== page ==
If your daughter had grown up 150 years ago, she could have expected her first period around age 16.
Today, the average age for that milestone is 12, according to the National Women's Health Information Center. Nutrition, evolution, and hormones in our food contributed to that change. But whatever the reasons, girls are left with questions about their sexuality earlier in life--and parents have to know how to handle them.
"With some children, the first period can happen before the average age; that's why parents have to be prepared far in advance of 12," says Laura Kastner, Ph.D., a Seattle clinical psychologist who has co-written several books on adolescence. "A young girl's first period should not happen out of nowhere; it should never be a complete surprise. If your daughter starts developing breast buds, you should be talking to her."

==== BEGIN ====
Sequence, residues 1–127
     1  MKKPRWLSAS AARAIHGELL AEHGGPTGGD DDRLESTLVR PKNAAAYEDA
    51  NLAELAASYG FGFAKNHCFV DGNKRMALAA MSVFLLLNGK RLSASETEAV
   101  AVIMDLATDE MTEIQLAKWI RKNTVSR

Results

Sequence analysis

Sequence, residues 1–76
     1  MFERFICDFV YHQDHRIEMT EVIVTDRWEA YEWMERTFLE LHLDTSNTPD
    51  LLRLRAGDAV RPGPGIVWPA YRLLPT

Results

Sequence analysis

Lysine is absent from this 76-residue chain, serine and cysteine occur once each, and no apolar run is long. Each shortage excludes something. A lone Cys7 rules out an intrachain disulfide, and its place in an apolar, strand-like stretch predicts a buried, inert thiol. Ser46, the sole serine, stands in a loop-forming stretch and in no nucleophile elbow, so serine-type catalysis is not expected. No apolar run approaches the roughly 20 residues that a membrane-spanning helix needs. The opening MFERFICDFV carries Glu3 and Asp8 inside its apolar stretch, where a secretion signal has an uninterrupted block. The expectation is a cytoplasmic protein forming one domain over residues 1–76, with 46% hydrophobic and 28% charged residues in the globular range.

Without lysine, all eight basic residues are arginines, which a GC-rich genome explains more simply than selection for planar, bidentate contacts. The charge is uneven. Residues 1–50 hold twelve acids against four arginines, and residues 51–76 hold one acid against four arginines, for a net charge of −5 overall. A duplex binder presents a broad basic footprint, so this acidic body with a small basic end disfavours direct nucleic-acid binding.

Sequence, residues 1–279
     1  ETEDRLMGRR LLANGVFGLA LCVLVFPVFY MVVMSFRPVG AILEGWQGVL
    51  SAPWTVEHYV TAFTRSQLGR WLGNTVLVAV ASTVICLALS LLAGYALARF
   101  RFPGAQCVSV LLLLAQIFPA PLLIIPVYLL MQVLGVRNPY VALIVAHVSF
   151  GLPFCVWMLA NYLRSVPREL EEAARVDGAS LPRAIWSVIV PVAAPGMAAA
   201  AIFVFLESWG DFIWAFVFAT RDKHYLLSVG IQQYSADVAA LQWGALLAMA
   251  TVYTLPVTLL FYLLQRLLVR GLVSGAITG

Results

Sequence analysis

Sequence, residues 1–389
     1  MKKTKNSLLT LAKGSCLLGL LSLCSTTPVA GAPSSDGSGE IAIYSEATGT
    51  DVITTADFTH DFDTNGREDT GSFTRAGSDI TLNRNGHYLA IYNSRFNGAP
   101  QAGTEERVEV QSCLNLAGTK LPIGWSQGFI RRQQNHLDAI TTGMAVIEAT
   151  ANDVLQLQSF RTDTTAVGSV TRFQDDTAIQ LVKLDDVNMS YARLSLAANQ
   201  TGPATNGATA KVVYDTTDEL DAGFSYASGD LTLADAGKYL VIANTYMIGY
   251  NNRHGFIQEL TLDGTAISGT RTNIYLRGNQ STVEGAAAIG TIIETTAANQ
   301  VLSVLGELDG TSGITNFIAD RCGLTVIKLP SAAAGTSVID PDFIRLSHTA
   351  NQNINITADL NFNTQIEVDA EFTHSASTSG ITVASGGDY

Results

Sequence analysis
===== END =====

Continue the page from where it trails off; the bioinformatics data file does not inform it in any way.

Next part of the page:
Begin naming body parts by age 2.
Teach your daughter that these changes are no cause for shame. She should feel pride as she starts to become a woman.
Explain that despite these changes, she is not ready for adulthood. Becoming a woman is part of a process that will involve many other steps.
Prepare a kit your daughter can keep in a purse or school locker with the products she'll need for her first menstrual cycle. Explain the bleeding and tell her it is no reason for fear. Explain that it is another part of her body--like her teeth--that she must care for.
Go to the library. Look for easy-to-read materials.
Volunteer information. Don't just answer questions.
Realize that it's better to struggle with uncomfortable explanations than avoid them, says Dr. Kastner. Nothing matters more to children than intent. "If they see you're trying to get across sensitive information they appreciate it--even if it seems at the time that they do not."
© 2013 Main Line Health